The Colleen Bawn
Director Garry Hynes and her superb cast careful calibrate the tone of Boucicault’s melodrama
Kelly McAuley and Marie Mullen in The Colleen Bawn
The Colleen Bawn
Black Box, Galway
Dion Boucicault’s mastery of stagecraft is easy to admire, but striking the right melodramatic note for his work is a more elusive business. In Druid’s new production of The Colleen Bawn, director Garry Hynes and her superb cast have carefully calibrated the tone, taking the work sufficiently seriously to balance its transitions between farce and pathos.
It helps that this play from 1860 has a tragic, true story at its core, adapted and given an upbeat resolution by Boucicault. The plot outline of the secret marriage of a landed gentleman to a peasant girl, and his desire to release himself from the bond in order to remarry and secure his property, was based on a novel by Gerald Griffin. This drew on a murder case in Co Clare in 1819, in which a teenage girl was drowned by her fiance and his servant.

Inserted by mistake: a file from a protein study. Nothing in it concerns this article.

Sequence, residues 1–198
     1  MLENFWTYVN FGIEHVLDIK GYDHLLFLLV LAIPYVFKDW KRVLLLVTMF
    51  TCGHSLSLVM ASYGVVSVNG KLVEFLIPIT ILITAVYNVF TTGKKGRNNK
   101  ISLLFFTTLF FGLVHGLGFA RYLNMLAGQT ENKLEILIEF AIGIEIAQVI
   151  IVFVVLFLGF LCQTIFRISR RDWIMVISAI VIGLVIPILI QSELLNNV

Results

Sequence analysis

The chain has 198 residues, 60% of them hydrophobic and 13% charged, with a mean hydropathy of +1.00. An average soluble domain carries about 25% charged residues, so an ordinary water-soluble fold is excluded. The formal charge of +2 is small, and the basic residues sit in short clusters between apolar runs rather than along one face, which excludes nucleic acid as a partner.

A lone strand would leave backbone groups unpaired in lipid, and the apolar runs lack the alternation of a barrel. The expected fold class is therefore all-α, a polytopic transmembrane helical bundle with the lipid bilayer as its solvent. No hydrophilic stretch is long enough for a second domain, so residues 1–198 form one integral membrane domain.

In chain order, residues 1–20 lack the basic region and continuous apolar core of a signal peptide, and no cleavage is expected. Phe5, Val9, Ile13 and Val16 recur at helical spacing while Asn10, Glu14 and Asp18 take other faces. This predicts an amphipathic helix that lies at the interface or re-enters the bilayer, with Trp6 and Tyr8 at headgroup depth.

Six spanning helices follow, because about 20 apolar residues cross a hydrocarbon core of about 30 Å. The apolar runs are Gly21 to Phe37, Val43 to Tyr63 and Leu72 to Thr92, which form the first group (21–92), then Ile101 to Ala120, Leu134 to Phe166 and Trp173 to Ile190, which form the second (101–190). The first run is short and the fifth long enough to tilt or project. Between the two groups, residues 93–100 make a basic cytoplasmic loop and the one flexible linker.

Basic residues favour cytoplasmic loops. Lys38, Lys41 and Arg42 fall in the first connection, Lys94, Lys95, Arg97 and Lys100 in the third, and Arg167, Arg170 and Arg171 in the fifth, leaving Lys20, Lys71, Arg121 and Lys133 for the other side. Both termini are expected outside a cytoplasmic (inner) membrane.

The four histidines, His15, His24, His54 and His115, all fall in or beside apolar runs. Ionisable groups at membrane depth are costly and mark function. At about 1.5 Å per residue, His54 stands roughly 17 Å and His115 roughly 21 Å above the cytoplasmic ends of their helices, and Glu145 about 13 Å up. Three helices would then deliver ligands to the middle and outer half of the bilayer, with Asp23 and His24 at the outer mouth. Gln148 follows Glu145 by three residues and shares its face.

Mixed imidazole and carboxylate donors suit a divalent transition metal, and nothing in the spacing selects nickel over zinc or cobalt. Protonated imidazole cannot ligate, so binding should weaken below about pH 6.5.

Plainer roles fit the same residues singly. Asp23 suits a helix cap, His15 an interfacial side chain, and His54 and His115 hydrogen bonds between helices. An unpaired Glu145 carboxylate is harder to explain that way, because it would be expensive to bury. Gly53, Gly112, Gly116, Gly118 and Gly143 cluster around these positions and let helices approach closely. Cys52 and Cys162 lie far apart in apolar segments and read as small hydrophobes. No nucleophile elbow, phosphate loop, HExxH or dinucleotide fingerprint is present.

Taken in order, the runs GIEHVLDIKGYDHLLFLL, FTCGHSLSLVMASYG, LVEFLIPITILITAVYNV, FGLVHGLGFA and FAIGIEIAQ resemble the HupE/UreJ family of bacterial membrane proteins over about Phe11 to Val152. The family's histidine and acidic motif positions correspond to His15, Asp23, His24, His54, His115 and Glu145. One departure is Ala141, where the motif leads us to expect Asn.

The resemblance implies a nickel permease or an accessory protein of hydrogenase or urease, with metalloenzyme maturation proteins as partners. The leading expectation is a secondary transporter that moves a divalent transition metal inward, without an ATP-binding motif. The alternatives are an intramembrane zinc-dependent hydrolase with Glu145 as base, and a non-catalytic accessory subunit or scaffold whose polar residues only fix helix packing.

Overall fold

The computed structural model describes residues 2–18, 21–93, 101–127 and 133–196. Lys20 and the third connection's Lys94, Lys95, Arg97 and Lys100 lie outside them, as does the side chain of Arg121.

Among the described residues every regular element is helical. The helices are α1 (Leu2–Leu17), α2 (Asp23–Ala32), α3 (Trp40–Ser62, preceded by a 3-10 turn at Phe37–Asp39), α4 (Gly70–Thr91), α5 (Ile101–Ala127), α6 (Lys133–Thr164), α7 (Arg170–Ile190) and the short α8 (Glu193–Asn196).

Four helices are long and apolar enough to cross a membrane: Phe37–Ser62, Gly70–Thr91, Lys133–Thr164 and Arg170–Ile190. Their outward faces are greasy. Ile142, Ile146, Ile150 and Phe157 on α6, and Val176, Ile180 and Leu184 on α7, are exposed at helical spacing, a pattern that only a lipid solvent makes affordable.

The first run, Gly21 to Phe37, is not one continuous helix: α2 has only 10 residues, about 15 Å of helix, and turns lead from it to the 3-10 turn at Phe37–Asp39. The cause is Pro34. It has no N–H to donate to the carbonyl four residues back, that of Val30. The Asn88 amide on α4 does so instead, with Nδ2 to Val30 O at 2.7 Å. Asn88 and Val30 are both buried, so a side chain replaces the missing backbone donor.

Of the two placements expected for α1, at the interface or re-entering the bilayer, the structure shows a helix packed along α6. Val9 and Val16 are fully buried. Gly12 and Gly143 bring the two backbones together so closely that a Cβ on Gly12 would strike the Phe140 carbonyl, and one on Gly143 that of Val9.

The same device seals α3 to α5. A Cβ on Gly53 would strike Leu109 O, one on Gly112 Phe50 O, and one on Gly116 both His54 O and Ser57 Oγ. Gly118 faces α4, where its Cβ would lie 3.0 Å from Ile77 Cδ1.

In Boucicault’s version, set around the lakes of Killarney, the cash-strapped Hardress Cregan doesn’t set out to murder his betrothed, Eily O’Connor (the Colleen Bawn), but wishes for her to conveniently disappear so he can marry his cousin, Anne Chute, and save his estate. Add to this a tangle of mistaken identities and secret passions: Anne Chute loves Hardress’s friend Kyrle Daly, while the feckless smuggler Myles-na-Coppaleen yearns for the Colleen Bawn.
Out of a twisted sense of loyalty to his master, Hardress’s servant Danny tries to drown Eily. Aaron Monaghan brings obsessive creepiness to the role of Danny, giving the drowning scene a sinister tone. Cleverly visualised by designer Francis O’Connor, it is given a minimalist treatment rather than attempting to create a watery spectacle. Other scenes are a little cramped: a transparent centre-stage gazebo works well for the Big House interiors, but the cast seems hampered by its inflexible presence throughout, and have to repeatedly duck under mountain scenery.
The ensemble displays a deliciously light touch, especially Marty Rea, Aisling O’Sullivan and Ronan Leahy, while Rory Nolan’s Myles plays up the stage-Irishry that the playwright turned into an international phenomenon. There are serious undercurrents too: conflicts of class and the clash of identities between Anglo-Irish landowners, the middle-class “squireen” and the barefoot peasantry are evident throughout. This production reminds us that while Boucicault, in 1860s New York, was looking back on an Ireland he had left 30 years before, it was not through an entirely shamrock-tinted lens. Until December 21, then tours until February 8